Is God’s speech sometimes more painful than his silence?
This is but one question raised by Shūsaku Endō’s classic novel. And it is especially relevant as we now approach the end of Holy Week.
For almost the duration of story, Father Sebastian Rodrigues longs for just one word from God on behalf of his persecuted people. But when that word comes, it is the last thing the priest expected.
While I have yet to see the film adaptation of Silence by Martin Scorsese, I have just read the book for Lent.
It is not for the faint of heart.
The story follows the path of Jesuit missionaries as they set out for 17th century Japan.
After flourishing in a prior generation, Christianity now faces unspeakable persecution there as the faithful are brutally drowned at sea, slashed by samurai, and tortured over pits of human excrement. In the midst of the butchery, Father Rodrigues sneaks ashore to serve the suffering church, and to investigate the whereabouts of his mentor, Father Ferreira.
Ferreira had been a celebrated missionary, but rumors now swirl that he has renounced the faith and even trampled on a picture (fumie) of Christ as public proof of this apostasy.
Rodrigues must find out the truth. Yet after a brief period of ministry, the priest is betrayed, captured, and finally brought to meet the man that he has searched for: Ferreira.
The famous missionary has now adopted the dress and customs of Japan, and he explains what led to his apostasy. After capture, he was hung upside down for three days over the dreaded pit, and all without recanting. But after being taken down, the local magistrate devised a more insidious torture.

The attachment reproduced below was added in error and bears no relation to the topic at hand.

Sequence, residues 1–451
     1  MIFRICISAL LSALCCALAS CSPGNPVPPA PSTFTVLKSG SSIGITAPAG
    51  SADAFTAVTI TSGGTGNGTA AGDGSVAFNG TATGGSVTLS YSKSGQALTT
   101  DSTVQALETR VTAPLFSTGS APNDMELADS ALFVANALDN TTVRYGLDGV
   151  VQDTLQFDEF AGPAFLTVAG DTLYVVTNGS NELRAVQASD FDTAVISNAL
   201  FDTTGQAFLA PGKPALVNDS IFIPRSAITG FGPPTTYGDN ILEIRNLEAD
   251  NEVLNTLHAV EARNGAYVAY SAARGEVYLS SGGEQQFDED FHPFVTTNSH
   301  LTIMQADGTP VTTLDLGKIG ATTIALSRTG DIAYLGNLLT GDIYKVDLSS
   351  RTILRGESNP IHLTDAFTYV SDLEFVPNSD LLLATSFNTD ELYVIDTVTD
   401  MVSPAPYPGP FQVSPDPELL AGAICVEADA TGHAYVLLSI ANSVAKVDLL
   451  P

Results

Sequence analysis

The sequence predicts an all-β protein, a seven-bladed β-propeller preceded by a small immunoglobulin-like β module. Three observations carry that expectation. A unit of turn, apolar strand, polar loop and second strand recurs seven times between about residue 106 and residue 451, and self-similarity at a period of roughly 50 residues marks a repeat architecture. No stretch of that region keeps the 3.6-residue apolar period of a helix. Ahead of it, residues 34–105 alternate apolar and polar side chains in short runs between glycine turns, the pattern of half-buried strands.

In Ferreira’s place, innocent peasants were suspended over the pit, and Ferreira was told that only his trampling upon the Christ-picture could free them. Ferreira trampled.
Eventually, Rodrigues is given the same choice, yet he resolves never to deny his Lord. Still, even before the fateful moment, the reader senses that Rodrigues’ resolve is sinking like the peasants in the sea.
His aching question throughout the novel has pertained to God’s silence in the face of suffering.
Why does he say nothing!?
“… the silence of God was something I could not fathom … surely he should speak but a word… .”
This excruciating muteness provides a backdrop for almost the entire novel.
In the end, Rodrigues looks down at the picture of Jesus—worn and grimy from so many feet—and at long last he hears the voice of Christ, as clear as crystal:
“Trample! Trample! … It was to be trampled on by men that I was born into this world. It was to share men’s pain that carried my cross.”
The priest placed his foot upon the fumie [picture]. Dawn broke. And far into the distance the cock crew.
RESPONDING TO SILENCE
Is Rodrigues more like Jesus or Judas?
Is he more like Peter heading to his martyrdom, or Peter just before the rooster crowed?
Is it actually “Christ-like” for the priest to endure what he perceives to be “damnation” so that others might be freed?
And which is more intolerable for Rodrigues, God’s silence or his unexpected speech?
Which is more intolerable for us?
Rodrigues and Ferreira are hardly the only Christians to wrestle with such questions.
The apostle Paul himself once claimed that, if possible, he would gladly be “cut off from Christ” if it meant salvation for the Jews (Rom. 9.3).
And in a different vein, the ardent pacifist Dietrich Bonhoeffer signed on to a plot to kill Hitler while refusing to justify such violence. Instead, he was resolved to “bear the guilt,” so that others might go free.
Did Rodrigues do that?
Neither Paul nor Bonhoeffer publicly denounced their Lord.
But what if Christ had commanded them to “trample”?
Would Jesus say such a word?
Despite unanswered questions, Silence remains, in many ways, a deeply Christian work—which explains why the Pope recently offered Martin Scorsese a blessing on the movie version.
But unlike so much that passes for “Christian” art these days, Endo’s masterpiece does not gloss over the dark travails of faith.
And as such, it fits perfectly amid the silent shadows of the Lenten season.
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This is a reposting of Lenten meditation from March, 2017.